By the way, Congress continues to ignore the “Dustoff” crews. Although they have been recommended for a Congressional Gold Medal, Congress ignored them but found time for the Filipinos in World War II (surely deserving). Not one unit from Vietnam has received this honor.
In addition to the humanitarian efforts of “Dustoff,” Burns and Novick fail to highlight the contributions of the GI to the welfare, health and education of those wonderful people. Vietnam may be the only war we ever fought – or perhaps that was ever fought – in which the American soldier added to their heroism a humanitarianism unmatched in the annuals of warfare. And the U.S. soldier did so during the heat of the battle. He cared for and about those people, especially the young. The Vietnam veteran fixed as he fought. He cured and educated and built hospitals and orphanages in the middle of the battle. He vaccinated thousands, adopted the children, educated them. He cared for and about those people. No barrier, no political system, will erase what our Vietnam veterans gave to those people.
And the fruits of our humanitarian effort are still there in psyche of the people of Vietnam, in their hearts and souls – as they are in the hearts of so many people all over the world who have been touched by the American GI. I have been back three times and was amazed at the treatment I received. Of all the countries in the world that the young want to visit, America ranks No. 1. (Their favorite city is Las Vegas.)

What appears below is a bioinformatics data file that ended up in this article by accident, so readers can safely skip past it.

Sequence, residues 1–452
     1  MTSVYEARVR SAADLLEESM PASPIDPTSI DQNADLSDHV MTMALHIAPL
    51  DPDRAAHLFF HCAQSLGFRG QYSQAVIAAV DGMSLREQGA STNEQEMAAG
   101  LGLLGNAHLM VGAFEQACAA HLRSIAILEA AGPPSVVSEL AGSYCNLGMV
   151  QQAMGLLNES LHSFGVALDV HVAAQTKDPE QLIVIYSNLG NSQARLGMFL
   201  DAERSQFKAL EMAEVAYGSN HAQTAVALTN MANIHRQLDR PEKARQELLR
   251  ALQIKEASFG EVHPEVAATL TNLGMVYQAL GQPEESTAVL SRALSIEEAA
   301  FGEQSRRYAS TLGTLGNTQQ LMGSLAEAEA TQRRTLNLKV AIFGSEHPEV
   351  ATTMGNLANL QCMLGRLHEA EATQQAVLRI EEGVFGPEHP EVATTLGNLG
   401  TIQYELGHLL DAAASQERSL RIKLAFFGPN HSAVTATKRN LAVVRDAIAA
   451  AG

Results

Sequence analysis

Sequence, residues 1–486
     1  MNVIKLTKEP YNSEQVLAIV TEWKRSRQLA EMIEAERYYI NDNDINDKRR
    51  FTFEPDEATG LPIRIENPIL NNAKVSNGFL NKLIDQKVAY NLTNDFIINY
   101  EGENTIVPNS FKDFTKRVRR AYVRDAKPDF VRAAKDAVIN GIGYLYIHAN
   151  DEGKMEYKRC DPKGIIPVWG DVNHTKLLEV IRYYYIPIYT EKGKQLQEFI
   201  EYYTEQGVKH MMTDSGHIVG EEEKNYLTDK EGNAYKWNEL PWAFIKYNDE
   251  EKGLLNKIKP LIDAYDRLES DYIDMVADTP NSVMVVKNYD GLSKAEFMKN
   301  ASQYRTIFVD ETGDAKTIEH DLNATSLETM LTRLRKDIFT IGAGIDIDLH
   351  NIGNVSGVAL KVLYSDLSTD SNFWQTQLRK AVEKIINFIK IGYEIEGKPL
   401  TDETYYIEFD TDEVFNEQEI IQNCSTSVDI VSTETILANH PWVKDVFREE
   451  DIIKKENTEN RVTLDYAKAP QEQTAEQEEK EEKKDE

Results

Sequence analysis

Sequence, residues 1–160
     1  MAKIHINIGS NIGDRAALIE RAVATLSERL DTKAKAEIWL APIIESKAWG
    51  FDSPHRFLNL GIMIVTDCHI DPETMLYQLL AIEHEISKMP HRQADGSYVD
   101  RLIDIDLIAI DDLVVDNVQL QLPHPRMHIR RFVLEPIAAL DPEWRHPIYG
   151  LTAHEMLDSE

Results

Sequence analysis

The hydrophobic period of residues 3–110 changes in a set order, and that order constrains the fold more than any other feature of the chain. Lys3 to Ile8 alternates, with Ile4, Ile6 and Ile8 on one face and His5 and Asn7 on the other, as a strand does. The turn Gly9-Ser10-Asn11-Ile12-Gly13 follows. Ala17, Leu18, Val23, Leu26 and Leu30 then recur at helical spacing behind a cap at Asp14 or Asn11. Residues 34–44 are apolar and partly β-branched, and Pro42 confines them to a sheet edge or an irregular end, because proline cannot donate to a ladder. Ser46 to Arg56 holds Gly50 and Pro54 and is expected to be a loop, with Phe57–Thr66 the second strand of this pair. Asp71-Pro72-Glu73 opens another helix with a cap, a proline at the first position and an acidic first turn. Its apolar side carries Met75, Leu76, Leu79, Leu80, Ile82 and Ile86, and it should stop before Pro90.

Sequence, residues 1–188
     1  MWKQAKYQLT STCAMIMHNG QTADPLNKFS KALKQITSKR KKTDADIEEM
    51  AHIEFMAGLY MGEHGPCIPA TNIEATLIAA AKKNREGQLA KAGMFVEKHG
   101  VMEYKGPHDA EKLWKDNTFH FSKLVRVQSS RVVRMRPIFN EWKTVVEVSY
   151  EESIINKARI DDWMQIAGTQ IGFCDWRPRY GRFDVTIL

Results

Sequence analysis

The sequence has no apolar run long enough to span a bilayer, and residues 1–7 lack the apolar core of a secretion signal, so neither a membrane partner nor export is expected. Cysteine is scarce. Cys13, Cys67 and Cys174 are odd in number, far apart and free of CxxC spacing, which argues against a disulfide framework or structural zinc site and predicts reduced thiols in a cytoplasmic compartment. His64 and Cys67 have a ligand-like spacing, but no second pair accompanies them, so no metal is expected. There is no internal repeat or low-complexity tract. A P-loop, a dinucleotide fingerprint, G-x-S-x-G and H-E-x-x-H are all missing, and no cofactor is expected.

Our defeat was at the hands of our elite in the courtrooms, the classrooms, the cloak rooms and the newsrooms: cowardly, media-phobic politicians; an irresponsible, dishonest media; and other cowards and spoiled brats and professors from Berkeley to Harvard.
Living with the scars of war is difficult. For some, it’s unbearable. But all veterans suffer. The Vietnam veteran suffered physically as much, perhaps more, than any veteran of the past century. But no other veteran has suffered the mental agony of the Vietnam veteran.
The thing that makes Vietnam so intolerable is what the elite tried to do to dishonor the source of those scars, to intensify the pain of Vietnam veterans and destroy their unselfish and honorable legacy. They opened a gash in the psyche of veterans and then rubbed salt in it. And equally as bad were the atrocities committed by the Communists targeting the friends we abandoned.